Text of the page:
Heart failure, then a transplant – for both dad and college-athlete son

By Deborah Lynn Blumberg, American Heart Association News

Heart transplant recipient Ryan Scoble (left) playing in a lacrosse game for Mercyhurst University. (Photo courtesy of the Scoble family)
Heart transplant recipient Ryan Scoble (left) playing in a lacrosse game for Mercyhurst University. (Photo courtesy of the Scoble family)

When Ryan Scoble was a junior lacrosse player at Mercyhurst University, he came home to Cincinnati for winter break eager to see his father.

Ryan's dad, Steve, had dilated cardiomyopathy, a condition in which the heart muscle becomes weakened, then enlarged. Steve had surgery to implant a machine called a left ventricular assist device, or LVAD; it essentially does the work of the left side of the heart. He was waiting for a heart transplant. And he was recovering from a stroke.

While home, Ryan spent time with his dad, ran several times a week, and signed up for a local men's lacrosse league. During a game, he rolled his foot, fracturing it in several spots. Back at school in Erie, Pennsylvania, he sat on the bench for four weeks, healing.

Finally on the lacrosse field again at school, Ryan was out of breath. He struggled through warm-ups. He blamed it on his pollen allergy and his time away from training as his foot healed.

But he also woke up at night breathing hard. His heart pounded. It was stress, he thought. During one of his first games back, Ryan was dragging on the field. He couldn't finish plays. He looked pale. His coach took him out of the game.

The next day, a trainer took Ryan to get an X-ray. Upon receiving the results, the trainer called Ryan and said, "We're going to see the team doctor first thing tomorrow morning, and I'm driving you."

At the doctor's office, Ryan got an electrocardiogram, or EKG, a test that uses electrodes on a person's chest to create a zigzag-lined readout of the heart's electrical signals. It showed that his heart was swollen and struggling to pump blood.

Maybe I have what Dad has, Ryan thought.

In the local emergency room, he had an echocardiogram to measure how blood was flowing through his heart. The doctors told him he had severe heart failure and to call his parents.

Ryan's mother, Kelley, drove five hours to Erie, arriving after dinner. Her first reaction was denial. Rest or medication could fix her son, she thought.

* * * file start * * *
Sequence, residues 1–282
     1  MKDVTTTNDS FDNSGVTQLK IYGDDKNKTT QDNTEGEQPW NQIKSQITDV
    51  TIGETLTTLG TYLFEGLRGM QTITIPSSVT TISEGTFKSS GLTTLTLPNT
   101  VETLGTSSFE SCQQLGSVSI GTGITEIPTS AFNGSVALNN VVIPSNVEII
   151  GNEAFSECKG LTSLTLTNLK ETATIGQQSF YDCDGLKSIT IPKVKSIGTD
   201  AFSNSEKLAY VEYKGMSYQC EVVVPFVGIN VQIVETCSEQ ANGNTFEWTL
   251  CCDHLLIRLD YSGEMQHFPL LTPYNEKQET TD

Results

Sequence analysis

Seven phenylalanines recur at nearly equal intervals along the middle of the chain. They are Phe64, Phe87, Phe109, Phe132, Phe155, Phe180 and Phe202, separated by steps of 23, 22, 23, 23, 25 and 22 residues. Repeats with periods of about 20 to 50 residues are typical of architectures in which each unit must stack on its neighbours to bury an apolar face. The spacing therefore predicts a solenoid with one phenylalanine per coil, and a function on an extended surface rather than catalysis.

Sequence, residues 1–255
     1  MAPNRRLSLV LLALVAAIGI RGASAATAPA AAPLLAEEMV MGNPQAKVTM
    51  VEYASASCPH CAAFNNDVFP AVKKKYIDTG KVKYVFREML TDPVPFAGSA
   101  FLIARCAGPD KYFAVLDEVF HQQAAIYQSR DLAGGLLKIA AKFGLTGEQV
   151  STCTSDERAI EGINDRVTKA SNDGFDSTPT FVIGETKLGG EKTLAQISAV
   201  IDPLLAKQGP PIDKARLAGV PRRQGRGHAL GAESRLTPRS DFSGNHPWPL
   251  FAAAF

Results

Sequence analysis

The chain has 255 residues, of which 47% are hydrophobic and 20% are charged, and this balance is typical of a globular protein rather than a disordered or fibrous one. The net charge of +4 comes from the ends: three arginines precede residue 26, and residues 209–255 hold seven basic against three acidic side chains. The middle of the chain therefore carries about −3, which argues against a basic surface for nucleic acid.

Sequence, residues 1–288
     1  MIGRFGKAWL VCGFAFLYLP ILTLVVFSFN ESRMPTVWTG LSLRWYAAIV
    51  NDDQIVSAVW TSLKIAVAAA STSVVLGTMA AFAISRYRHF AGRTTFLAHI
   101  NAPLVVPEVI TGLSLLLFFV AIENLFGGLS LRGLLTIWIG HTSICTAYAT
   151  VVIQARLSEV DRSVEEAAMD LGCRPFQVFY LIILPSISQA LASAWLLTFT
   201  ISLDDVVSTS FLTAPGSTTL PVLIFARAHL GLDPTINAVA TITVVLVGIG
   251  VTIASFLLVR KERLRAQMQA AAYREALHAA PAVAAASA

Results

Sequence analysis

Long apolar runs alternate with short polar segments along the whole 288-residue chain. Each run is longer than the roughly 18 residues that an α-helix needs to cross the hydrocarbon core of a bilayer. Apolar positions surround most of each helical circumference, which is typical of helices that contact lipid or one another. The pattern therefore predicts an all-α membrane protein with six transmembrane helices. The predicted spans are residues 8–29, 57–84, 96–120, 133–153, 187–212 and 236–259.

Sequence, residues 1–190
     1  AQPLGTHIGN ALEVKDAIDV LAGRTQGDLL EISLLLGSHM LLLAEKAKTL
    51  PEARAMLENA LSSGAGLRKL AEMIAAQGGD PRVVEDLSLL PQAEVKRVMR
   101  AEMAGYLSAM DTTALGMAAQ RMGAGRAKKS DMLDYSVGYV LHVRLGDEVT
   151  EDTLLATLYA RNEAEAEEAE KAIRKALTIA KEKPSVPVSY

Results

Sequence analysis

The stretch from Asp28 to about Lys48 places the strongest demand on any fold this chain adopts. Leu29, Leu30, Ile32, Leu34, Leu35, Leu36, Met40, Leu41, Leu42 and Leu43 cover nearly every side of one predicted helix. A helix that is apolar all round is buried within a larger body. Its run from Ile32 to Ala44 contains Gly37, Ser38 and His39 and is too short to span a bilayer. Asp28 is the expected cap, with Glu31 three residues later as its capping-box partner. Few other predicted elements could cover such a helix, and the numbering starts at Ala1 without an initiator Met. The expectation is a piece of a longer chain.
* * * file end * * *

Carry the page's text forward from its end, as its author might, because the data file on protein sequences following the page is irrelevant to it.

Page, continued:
"It's OK, it's all going to be OK," she told Ryan.

"How is this going to be OK?" he replied, through tears. "I'm 21 years old and my heart is failing!"

Ryan was discharged the next day. Kelley drove him home to Cincinnati. He met with Steve's cardiac team and started taking heart failure medication. Maybe his heart would improve since he was young and otherwise healthy. Doctors would monitor him.

When Ryan returned to school to pack up, he caught a virus. Back home, he napped after arriving. When he woke up, his vision blurred. He was confused. His heart raced.

In the ER, doctors said the virus attacked his heart. He was in cardiogenic shock, which is when the heart can't pump enough blood and oxygen to the brain and other organs. His heart was too thick and swollen for an LVAD, the device his dad had.

"The only effective path forward is a transplant," his doctor said.

Ryan was transferred to a larger hospital in Cleveland and joined the heart transplant list. Dark days followed as Ryan feared he would die waiting for a new heart.

On Mother's Day in 2021, with his mom by his side, Ryan got the call. A match was found. He was getting a new heart.

The surgeon asked if Ryan had any requests.

Ryan's lacrosse team loved the song "Kickstart My Heart" by Mötley Crüe. He asked the surgical team to play it once his new heart was in.

The day after the operation, Ryan got out of bed and walked. Back home in Cincinnati, he did cardiac rehabilitation for two months. By the end, he felt back to his old self.

Around that time, the family got "the call" again. A match was found for Steve to get a heart transplant. In his recovery, Steve used Ryan as his role model for perseverance, grit and determination.

"I learned you have to keep moving forward each day no matter if it's an inch, a foot or a yard," Steve said.

In the fall of 2022 – 18 months after his transplant – Ryan returned to the lacrosse field at Mercyhurst, strong and with his breath. His team made it to the national championships. Ryan graduated this year with a degree in business management.

"His goal-oriented attitude really contributed to his recovery," Steve said.

The Scoble family at Ryan's graduation from Mercyhurst University earlier this year. From left: Sister Devon, Ryan, mom Kelley and dad Steve. (Photo courtesy of the Scoble family)
The Scoble family at Ryan's graduation from Mercyhurst University earlier this year. From left: Sister Devon, Ryan, mom Kelley and dad Steve. (Photo courtesy of the Scoble family)

Now, Ryan is on the job hunt and living in Cincinnati. With his lacrosse days behind him, he's setting new physical goals. His latest: to train for a triathlon.

"I want to keep finding ways to push hard physically and mentally and to grow from this experience," he said. "And I want to keep that energy moving forward. I look at this experience as an enhancer rather than something that was taken from me."

Stories From the Heart chronicles the inspiring journeys of heart disease and stroke survivors, caregivers and advocates.

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